Applying evolutionary theory improves the accuracy of predicting in which patients Barrett’s esophagus (BE) will progress to esophageal adenocarcinoma (AEC), a study published in Nature Communications has shown.1

Barrett’s esophagus is damage to the esophageal lining caused by chronic stomach acid reflux. Although the condition can lead to esophageal adenocarcinoma, progression to cancer occurs in less than 5% of people with BE.

Because no known predictors are established to determine disease progression, all people with BE undergo routine endoscopic examinations and biopsy in an attempt to detect precancerous or cancerous lesions at an early stage. Therefore, researchers sought a potential biomarker that could accurately determine which factors indicate a risk of progression to cancer.

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Chronic gastro-esophageal reflux transforms the tissue lining the esophagus into tissue resembling the lining of the intestine, resulting in the condition known as Barrett’s esophagus. Researchers examined cell samples from the esophageal lining of 320 patients with BE who were cancer-free at the start of this study. Evaluations were conducted for 11 to 130 months. In this time, the condition progressed to cancer in 20 patients (6.3%).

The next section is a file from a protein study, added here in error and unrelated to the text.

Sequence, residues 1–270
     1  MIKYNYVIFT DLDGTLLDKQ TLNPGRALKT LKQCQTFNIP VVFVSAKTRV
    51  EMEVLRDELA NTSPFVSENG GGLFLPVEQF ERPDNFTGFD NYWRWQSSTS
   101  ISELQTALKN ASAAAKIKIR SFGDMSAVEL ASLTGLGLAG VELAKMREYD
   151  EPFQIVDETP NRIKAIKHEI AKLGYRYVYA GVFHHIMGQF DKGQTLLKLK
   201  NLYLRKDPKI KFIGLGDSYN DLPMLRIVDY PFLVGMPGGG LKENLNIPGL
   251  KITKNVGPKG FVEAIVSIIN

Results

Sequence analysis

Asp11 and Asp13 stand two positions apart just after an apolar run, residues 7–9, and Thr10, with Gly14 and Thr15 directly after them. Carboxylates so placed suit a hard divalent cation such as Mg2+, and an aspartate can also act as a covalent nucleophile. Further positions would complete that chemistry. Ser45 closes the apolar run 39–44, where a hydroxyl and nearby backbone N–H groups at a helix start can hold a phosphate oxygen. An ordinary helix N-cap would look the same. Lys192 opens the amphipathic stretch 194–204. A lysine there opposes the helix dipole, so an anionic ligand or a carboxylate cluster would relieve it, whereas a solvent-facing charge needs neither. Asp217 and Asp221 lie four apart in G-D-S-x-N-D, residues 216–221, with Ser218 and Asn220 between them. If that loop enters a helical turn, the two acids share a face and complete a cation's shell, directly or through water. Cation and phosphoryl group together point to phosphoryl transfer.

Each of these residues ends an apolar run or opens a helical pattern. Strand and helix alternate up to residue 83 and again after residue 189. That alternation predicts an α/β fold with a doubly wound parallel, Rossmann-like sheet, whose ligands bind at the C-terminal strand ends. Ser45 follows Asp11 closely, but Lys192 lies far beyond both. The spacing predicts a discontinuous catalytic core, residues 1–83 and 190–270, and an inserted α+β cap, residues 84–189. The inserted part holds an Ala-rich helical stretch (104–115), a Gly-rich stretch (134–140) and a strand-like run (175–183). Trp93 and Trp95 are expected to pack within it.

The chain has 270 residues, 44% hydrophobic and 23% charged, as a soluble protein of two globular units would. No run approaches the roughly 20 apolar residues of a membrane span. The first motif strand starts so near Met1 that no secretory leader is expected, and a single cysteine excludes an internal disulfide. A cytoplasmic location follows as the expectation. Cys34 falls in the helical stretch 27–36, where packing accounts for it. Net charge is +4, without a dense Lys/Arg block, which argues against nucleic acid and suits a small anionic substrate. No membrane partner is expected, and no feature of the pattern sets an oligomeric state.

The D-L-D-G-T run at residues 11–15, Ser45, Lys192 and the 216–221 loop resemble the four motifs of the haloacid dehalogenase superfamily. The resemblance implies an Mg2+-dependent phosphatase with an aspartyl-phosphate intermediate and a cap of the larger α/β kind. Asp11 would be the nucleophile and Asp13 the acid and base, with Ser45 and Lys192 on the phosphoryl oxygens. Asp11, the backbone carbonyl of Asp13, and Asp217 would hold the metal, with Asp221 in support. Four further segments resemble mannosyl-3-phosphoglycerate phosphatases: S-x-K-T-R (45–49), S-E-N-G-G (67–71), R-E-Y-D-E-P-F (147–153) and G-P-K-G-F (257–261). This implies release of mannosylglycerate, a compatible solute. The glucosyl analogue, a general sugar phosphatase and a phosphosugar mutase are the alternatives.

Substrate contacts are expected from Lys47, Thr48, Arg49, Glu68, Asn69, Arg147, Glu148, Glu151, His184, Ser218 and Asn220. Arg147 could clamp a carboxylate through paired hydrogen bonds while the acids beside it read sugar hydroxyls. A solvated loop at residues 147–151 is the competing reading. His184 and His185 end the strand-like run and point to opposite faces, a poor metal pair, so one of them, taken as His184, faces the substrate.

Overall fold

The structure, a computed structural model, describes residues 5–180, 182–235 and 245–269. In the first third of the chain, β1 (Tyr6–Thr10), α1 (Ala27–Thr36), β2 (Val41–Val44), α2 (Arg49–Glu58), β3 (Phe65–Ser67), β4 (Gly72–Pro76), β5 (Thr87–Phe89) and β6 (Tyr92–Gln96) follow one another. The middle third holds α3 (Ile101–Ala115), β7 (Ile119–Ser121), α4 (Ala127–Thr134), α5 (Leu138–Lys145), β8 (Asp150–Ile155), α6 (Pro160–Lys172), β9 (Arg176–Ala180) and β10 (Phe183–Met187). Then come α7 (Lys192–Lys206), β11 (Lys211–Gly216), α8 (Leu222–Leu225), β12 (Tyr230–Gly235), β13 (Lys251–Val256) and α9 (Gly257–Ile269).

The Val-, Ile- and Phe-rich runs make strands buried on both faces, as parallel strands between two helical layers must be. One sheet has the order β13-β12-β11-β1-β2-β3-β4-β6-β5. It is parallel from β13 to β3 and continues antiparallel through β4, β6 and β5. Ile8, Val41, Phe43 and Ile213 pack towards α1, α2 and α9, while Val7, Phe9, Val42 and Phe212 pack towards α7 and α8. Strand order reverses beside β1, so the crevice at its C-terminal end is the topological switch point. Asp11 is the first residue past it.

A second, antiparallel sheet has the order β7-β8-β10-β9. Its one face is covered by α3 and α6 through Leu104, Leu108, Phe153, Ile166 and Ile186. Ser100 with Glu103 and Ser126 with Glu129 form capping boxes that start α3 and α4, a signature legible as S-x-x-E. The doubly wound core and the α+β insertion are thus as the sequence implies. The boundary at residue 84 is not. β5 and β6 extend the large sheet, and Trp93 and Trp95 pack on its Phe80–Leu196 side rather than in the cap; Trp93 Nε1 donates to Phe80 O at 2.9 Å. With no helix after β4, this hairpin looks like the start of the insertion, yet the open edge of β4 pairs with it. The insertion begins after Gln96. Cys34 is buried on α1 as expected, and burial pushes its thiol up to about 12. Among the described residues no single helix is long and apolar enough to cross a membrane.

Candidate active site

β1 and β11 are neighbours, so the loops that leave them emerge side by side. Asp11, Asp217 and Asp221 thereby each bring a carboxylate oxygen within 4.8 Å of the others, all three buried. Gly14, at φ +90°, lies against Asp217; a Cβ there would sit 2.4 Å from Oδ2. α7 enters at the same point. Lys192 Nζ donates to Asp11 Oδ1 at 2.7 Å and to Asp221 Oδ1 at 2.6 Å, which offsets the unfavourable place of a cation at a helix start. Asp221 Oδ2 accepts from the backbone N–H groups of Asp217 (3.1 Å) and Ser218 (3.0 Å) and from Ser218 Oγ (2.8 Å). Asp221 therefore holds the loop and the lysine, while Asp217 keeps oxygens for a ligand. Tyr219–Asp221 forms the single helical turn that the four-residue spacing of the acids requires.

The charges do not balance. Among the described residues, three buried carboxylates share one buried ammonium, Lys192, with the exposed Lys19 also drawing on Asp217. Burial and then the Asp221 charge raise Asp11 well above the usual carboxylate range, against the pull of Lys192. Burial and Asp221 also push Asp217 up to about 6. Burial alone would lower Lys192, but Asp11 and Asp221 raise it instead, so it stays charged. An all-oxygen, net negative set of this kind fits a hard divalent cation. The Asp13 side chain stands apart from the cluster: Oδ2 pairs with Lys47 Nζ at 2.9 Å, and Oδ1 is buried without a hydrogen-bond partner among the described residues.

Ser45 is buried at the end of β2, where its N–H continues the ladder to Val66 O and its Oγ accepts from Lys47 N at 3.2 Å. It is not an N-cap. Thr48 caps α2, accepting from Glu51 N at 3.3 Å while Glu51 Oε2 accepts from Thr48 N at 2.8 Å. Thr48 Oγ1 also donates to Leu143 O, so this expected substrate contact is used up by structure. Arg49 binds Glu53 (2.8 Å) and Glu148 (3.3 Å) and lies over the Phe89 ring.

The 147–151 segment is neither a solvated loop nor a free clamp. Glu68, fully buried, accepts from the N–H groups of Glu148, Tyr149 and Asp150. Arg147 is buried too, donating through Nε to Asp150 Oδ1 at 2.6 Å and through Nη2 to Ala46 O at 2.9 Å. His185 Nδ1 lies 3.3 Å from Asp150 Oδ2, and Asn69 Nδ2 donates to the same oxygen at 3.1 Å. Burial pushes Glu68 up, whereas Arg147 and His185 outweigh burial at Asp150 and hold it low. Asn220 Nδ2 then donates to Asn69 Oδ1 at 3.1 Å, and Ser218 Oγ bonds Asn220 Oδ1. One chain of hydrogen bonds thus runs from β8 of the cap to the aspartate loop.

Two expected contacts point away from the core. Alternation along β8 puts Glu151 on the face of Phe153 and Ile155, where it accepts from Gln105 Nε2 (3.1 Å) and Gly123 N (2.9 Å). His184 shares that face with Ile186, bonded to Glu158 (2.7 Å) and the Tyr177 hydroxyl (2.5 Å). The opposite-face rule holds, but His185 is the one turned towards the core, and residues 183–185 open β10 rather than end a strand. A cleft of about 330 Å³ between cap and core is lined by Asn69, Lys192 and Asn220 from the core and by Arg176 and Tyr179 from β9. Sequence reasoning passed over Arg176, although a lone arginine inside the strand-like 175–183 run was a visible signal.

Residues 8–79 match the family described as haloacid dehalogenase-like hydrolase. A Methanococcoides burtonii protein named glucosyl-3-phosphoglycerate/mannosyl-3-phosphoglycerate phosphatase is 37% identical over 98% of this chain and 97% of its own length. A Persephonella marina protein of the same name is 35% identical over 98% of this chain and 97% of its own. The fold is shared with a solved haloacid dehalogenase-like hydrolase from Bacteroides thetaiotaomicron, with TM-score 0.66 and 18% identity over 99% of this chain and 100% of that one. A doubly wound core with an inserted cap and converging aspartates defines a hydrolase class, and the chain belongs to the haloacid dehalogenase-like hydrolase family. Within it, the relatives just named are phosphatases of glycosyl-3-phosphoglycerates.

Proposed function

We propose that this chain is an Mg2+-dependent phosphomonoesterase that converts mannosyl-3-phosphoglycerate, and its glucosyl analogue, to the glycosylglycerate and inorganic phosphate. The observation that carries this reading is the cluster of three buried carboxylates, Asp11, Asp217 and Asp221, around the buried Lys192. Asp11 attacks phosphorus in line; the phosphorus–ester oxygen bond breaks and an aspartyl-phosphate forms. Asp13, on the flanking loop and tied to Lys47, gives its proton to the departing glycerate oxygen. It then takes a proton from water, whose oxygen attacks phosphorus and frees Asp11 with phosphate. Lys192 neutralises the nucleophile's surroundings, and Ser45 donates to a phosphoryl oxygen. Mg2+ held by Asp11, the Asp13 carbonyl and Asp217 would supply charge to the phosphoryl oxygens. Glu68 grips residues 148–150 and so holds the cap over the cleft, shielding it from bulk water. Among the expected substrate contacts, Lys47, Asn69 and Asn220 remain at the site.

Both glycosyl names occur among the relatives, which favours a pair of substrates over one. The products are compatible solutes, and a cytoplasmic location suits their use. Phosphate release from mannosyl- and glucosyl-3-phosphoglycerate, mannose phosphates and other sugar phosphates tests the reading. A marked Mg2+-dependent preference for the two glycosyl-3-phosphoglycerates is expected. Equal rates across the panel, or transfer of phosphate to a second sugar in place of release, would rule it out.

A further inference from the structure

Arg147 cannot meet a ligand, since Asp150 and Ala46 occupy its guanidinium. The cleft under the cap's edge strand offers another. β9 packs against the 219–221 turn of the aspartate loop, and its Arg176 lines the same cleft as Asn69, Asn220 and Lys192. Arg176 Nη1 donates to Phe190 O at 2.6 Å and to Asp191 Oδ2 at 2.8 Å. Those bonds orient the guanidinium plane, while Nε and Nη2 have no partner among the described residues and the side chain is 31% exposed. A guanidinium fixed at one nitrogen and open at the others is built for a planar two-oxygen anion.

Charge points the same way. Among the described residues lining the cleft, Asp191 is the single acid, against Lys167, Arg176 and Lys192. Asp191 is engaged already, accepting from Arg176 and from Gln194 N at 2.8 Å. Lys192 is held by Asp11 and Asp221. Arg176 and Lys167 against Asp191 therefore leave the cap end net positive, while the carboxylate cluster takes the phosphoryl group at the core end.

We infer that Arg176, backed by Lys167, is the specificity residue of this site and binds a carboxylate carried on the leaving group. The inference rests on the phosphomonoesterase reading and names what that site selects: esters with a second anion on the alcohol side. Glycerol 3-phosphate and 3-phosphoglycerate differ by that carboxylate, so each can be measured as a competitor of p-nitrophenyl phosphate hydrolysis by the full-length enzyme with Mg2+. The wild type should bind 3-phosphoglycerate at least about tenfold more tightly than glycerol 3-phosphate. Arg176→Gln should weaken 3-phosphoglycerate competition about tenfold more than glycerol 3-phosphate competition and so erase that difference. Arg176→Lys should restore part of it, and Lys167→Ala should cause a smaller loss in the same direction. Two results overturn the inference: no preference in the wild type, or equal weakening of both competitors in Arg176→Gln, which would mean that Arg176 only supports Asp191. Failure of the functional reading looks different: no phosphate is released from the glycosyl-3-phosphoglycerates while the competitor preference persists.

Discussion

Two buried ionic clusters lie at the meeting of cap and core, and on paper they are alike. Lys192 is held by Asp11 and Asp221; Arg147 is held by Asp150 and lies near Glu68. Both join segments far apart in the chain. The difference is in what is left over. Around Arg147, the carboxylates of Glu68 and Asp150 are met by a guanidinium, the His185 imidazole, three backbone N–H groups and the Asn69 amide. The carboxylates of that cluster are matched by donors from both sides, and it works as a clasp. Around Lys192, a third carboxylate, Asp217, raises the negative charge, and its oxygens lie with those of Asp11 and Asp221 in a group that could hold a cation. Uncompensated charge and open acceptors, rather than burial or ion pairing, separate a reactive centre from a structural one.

In Barrett’s esophagus, cells with mutations form clones. Selection preserves those clones most likely to help a tumor survive and expand over time. This process was not quantified prior to this study, despite its importance in the trajectory of cancerous tumors.

The researchers made an interesting finding regarding Barrett’s esophagus: its genetic diversity does not increase over time. A co-existence of multiple clones was seen to come and go, maintaining a balance in genetic diversity, rather than a step-wise expansion of clones over time. Therefore, only BE lesions with a genetic diversity above a specified threshold develop into EAC.

Further analysis confirmed that genetic diversity of the condition does not change over time. Therefore, the risk of cancer for patients with Barrett’s esophagus is predetermined by a baseline level of genetic diversity that remains constant. Highly diverse Barrett’s esophagus lesions typically progress to cancer, whereas lesions with low genetic diversity do not.

This data has important implications for clinical surveillance and early treatment of Barret’s esophagus, conclude the researchers, and further support using genetic diversity as a universal biomarker to assess risk of disease progression in cancer.


1. Martinez P, Timmer MR, Lau CT, et al. Dynamic clonal equilibrium and predetermined cancer risk in Barrett’s oesophagus. Nat Commun. 2016 Aug 19. doi: 10.1038/ncomms12158. [Epub ahead of print]